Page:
Abstract: BACKGROUND: Each year, the average number of nonfatal occupational injuries among landscaping and groundskeeping workers are consistently above the total number of injuries for all other occupational injuries among worker in the U.S. From 2004 to 2007, fatalities among groundskeepers averaged 13.3 per 100,000 workers compared to an overall rate of 4.0 fatalities per 100,000 for all U.S. workers with the majority reported as either Hispanic or Latino. OBJECTIVE: The aims of this project were to describe the use of personal protective equipment and work safety climate among a sample of landscaping and groundskeeping workers employed by…public universities in North Carolina (N = 67). METHODS: Data from a cross-sectional study was collected among workers using group- administered surveys. Statistical associations with work safety climate were tested between personal, work and safety behavior characteristics with work safety climate scores using one-way ANOVA. RESULTS: Nearly half of workers (49.3%) reported experiencing one or more work-related injuries or illnesses within the past 12 months. While work safety practices were perceived as being very important to management, only 56.7% reported having regular safety meetings. In bivariate analysis, work safety climate scores were significantly lower among those reporting race “other than white” (P = 0.01). CONCLUSIONS: This is the first study of its kind to evaluate work safety climate among landscaping and groundskeeping workers. Although self-reported safety practices were moderate, minority workers described their work safety climate as being poor. As a pilot study, these results suggest that employers of landscaping and groundskeeping workers could do more to improve safety climate within the organization with an emphasis on safety training for minority and underrepresented workers.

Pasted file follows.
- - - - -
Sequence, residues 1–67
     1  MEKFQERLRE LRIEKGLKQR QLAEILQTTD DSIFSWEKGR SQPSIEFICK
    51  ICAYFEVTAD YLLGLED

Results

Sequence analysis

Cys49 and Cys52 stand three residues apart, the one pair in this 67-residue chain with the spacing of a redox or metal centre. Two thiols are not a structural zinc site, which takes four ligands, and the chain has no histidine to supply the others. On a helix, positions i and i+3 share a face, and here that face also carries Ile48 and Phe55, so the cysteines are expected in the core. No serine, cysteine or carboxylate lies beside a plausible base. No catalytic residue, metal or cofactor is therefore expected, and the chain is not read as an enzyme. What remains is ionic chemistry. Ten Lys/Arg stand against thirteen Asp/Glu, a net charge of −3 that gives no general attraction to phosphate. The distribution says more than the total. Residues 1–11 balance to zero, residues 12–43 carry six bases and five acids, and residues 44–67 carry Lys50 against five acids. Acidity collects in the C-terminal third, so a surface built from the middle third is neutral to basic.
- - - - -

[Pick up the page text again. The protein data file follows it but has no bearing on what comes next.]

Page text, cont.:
Abstract: BACKGROUND: Latina hotel housekeepers’ social class, gender, race/ethnicity, nationality, and United States immigration status render them particularly vulnerable to workplace mistreatment. OBJECTIVE: We sought to reveal the array of policy- and interpersonal-related mistreatment experienced by Latina hotel housekeepers in the southeastern United States employed at 75 local hotels which included 4-star, 3-star, 2-star, and 1-star properties. METHODS: This ethnographic study involved 27 in-depth interviews with Latina hotel housekeepers. Using semi-structured in-depth interview guides, participants were interviewed until collected data reached saturation. Data were coded to explore themes and relationships for the housekeepers’ work environments, and…thick descriptions of these environments were developed. RESULTS: Participants ranged in work experience from 1 to 15 years, with all but one unable to reach full-time status, and were paid between $7.25 and $8.00 per hour. Policy-related phenomena, such as low pay, lack of paid sick leave or overtime, and absence of appropriate cleaning tools or protective equipment were all perceived as forms of mistreatment by Latina hotel housekeepers. Interpersonal mistreatment in the form of supervisor favoritism, unfair work assignments, biased allocation of cleaning supplies, disrespect, and verbal abuse due to ethnicity was also perceived. CONCLUSIONS: Latina hotel housekeepers endure mistreatment that impacts their psychosocial and physical occupational health. We provide recommendations to minimize workplace mistreatment and improve well-being of Latina hotel housekeepers.
Keywords: Immigrant workers, hospitality workers, occupational health, psychosocial health